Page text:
Do you identify with any religion?
I am Muslim. I hold my religion to my heart and I have faith but I would say I am more spiritual.
What are your thoughts on the negative anti-muslim rhetoric in our nation’s current political environment?
We’ve been discriminated against since 9/11. Donald Trump is not the start of Islamophobia. I have been dealing with this since I was a kid. My mom wears a hijab, so if you go to the airport you get detained.
Do you dress modest?
No. I dress more modestly when I’m with my family or my mom out of respect. I think that the most important thing is to live my life as a good human being.
Tell us about what you’re wearing.
I’m wearing these pants that I got made in Kenya. This is a traditional fabric. I showed a tailor a picture and he made them for me. It’s great because it’s so cheap. It’s hard to find stuff that you want so you have to make it yourself. My roommate gave me this necklace; it’s for anxiety.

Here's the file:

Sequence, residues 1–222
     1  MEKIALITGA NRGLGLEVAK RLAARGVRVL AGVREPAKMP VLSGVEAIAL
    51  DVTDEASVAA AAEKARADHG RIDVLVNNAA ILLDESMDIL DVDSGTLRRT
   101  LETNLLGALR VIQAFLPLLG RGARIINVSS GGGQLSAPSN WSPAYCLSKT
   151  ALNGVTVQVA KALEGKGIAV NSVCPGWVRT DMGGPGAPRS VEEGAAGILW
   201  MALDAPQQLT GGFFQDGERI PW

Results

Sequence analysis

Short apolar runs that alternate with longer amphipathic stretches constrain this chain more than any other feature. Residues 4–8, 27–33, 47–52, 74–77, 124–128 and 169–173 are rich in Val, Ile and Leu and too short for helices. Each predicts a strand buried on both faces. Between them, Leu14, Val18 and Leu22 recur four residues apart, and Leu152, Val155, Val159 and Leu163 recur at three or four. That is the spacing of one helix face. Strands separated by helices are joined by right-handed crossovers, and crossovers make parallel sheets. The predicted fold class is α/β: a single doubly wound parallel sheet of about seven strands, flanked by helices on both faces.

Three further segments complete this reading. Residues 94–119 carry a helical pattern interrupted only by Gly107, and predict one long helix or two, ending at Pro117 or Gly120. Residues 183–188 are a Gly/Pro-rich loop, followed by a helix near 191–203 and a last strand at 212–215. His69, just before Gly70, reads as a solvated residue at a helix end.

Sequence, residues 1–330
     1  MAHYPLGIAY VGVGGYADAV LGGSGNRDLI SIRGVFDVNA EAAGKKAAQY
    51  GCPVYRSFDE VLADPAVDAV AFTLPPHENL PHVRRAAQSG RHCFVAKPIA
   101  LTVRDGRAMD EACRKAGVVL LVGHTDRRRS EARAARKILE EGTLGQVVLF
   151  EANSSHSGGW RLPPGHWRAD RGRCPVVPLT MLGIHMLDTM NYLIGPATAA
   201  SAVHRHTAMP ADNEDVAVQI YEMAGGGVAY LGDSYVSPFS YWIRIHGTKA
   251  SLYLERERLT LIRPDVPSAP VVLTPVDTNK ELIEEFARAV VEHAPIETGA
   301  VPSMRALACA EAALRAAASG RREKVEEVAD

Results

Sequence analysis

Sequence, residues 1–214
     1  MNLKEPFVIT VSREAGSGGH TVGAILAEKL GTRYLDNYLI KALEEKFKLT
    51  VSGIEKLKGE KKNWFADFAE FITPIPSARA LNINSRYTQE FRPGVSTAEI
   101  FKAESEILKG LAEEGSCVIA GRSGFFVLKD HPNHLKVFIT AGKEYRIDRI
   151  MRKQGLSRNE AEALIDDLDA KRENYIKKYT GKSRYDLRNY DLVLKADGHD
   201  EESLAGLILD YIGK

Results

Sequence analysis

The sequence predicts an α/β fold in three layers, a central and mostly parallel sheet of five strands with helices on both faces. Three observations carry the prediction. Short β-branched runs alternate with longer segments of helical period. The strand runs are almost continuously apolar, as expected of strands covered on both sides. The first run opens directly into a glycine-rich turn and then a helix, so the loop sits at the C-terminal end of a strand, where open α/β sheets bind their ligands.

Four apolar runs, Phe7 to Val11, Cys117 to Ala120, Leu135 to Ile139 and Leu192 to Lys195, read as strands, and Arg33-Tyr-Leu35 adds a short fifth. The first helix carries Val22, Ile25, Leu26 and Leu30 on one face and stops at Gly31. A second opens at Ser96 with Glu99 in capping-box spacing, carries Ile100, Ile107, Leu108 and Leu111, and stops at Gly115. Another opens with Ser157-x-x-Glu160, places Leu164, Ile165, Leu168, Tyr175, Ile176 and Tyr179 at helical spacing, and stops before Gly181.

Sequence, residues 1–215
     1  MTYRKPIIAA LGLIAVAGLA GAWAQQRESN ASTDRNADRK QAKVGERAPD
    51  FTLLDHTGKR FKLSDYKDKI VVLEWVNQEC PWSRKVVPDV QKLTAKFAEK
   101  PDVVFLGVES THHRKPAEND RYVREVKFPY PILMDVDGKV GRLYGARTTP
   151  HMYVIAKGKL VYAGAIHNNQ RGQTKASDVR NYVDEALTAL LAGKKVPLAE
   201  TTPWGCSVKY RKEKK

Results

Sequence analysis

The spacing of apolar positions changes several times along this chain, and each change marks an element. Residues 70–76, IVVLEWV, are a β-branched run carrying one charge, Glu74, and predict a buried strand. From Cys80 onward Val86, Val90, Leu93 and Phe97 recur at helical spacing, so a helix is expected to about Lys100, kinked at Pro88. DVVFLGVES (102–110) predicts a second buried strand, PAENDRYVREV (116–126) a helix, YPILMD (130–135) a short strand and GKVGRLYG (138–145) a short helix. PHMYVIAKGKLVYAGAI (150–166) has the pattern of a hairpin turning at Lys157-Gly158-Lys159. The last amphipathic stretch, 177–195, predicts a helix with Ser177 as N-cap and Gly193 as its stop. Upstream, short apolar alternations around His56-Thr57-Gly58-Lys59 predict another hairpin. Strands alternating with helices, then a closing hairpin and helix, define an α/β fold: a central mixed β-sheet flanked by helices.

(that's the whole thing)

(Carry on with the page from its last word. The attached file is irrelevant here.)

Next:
Let’s talk about New York City. What are some of your favorite things to do here. If you’re not at Everyday People on a Sunday afternoon, where can we find you?
Probably going to get brunch. I like Marietta; it’s a southern style restaurant. I also like to go to Brooklyn Flea.
When you’re missing Kenyan roots, where do you go in New York City for a taste of home?
There’s an old Somali restaurant in Harlem called Safari and it’s the only one in New York. They have really good lamb and rice. For Ethiopian food I like Bunna which is vegan.
How often you go back to Africa?
Every two years.
Where do you see Everyday People, in let’s say five years?
I want to continue to create safe spaces. That could mean different events, activities, or workshops.
For more of Saada’s story subscribe to First Gen Fashion
SHOP THE LOOK//